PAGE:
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17th Anniversary of National Stalking Awareness Month

Jennifer Landhuis

Director, Stalking Prevention, Awareness, and Resource Center (SPARC)


January 2021 marks the 17th anniversary of National Stalking Awareness Month (NSAM), an annual call to action to recognize and respond to the crime of stalking. NSAM was created in 2004 through efforts by activist Debbie Riddle after her youngest sister, Peggy Klinke, was brutally murdered by a stalker on January 18th, 2003.

The Stalking Prevention, Awareness, and Resource Center (SPARC) is honored to continue NSAM and work with Debbie and other incredible activists to raise awareness about stalking and its devastating impacts. SPARC, a project of AEquitas, was formed in October 2018 through funding from the Department of Justice, Office on Violence Against Women. SPARC aims to enhance the response to stalking by ensuring allied professionals have the specialized knowledge to identify and respond to this serious and prevalent crime.

Stalking is defined as a pattern of behavior directed at a specific person that would cause a reasonable person to feel fear. In a one-year period in the United States, approximately 6-7.5 million people experience stalking. An estimated one in six women and one in seventeen men experience stalking during their lifetimes. However, we know that despite our best efforts, stalking continues to be under recognized and underreported. As advocates and other professionals, we must be able to identify stalking behaviors and help victims find safety and support, including guiding victims who choose to access and navigate the criminal and civil justice systems

Stalking behaviors are most easily identified by using the acronym SLII, which stands for the categories of stalking behavior: surveillance, life invasion, interference, and intimidation[1]. Surveillance behaviors generally include tactics such as following, watching, using tracking software, waiting for a victim, obtaining information about a victim or engaging in proxy stalking. Life invasion includes unwanted contact at home or work, phone calls, property invasion and public humiliation. Interference includes financial and work sabotage, custody interference, ruining a reputation and physical/sexual attacks. Intimidation includes threats, property damage, forced confrontations and threats by the offender to harm self or others. We know that simply asking victims if they experience stalking isn’t enough, as many individuals do not identify their experience as stalking. Asking, instead, about these specific behaviors can help both victims and responders identify the experience as stalking.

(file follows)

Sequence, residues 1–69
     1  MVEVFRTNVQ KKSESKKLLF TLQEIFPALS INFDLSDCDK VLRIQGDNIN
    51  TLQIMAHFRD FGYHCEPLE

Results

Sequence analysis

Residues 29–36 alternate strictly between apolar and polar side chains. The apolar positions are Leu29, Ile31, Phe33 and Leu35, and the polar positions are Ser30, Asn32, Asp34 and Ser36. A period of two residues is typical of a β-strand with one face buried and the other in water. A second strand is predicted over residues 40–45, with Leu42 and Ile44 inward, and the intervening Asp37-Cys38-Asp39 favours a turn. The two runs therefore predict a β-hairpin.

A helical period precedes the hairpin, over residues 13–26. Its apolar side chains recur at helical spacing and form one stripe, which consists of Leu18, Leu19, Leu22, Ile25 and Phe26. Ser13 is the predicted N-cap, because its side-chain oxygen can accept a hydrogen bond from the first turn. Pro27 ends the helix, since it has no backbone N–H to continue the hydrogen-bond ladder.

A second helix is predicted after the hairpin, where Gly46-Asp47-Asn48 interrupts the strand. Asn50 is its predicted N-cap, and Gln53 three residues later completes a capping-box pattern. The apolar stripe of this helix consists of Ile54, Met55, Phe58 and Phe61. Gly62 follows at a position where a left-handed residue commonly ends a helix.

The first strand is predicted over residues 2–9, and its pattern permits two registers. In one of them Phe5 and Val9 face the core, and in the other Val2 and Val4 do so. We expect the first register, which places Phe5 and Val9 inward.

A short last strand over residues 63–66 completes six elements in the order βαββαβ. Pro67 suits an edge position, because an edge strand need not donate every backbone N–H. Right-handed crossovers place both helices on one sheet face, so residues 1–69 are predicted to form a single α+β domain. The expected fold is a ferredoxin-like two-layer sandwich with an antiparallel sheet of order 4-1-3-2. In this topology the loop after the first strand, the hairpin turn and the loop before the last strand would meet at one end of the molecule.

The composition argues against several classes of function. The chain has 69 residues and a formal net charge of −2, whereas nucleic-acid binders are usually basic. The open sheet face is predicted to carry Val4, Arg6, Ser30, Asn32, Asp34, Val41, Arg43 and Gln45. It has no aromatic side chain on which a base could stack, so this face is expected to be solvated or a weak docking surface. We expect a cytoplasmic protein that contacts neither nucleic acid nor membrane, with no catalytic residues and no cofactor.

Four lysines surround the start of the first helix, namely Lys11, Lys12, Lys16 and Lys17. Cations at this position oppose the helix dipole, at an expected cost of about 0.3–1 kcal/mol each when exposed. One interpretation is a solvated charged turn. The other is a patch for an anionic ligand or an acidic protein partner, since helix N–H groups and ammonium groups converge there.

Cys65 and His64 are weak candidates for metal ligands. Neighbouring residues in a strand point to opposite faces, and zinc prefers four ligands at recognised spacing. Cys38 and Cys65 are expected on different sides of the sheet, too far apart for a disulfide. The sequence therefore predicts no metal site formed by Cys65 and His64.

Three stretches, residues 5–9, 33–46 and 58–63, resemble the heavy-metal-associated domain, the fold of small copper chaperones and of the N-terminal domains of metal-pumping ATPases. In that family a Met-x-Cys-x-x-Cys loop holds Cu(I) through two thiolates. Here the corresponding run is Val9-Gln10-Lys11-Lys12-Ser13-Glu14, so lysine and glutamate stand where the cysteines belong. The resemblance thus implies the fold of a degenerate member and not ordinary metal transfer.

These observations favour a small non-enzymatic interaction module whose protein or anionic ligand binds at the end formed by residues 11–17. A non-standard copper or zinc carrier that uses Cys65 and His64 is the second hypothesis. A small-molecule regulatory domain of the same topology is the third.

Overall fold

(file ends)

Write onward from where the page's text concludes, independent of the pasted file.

SPARC provides numerous resources to assist professionals in identifying and responding to stalking. During the month of January, we encourage you to join our efforts to Learn, Teach, Share and Reflect. SPARC offers specific resources for victim service providers as well as information for victims and their friends/loved ones.

Because there are so few stalking specific agencies, domestic and sexual violence organizations are often tasked with assisting victims of stalking with safety planning and advocacy. This organizational checklist can help you assess your organization’s efforts to respond to stalking.

We encourage you to promote awareness about stalking during the month of January as well as throughout the entire year. We appreciate all that you do on behalf of stalking victims and to create awareness and response t

[1] Logan, TK & Walker, R (2017). Stalking: A Multidimensional framework for Assessment and Safety Planning. Trauma, Violence and Abuse 18(2) 200-222.

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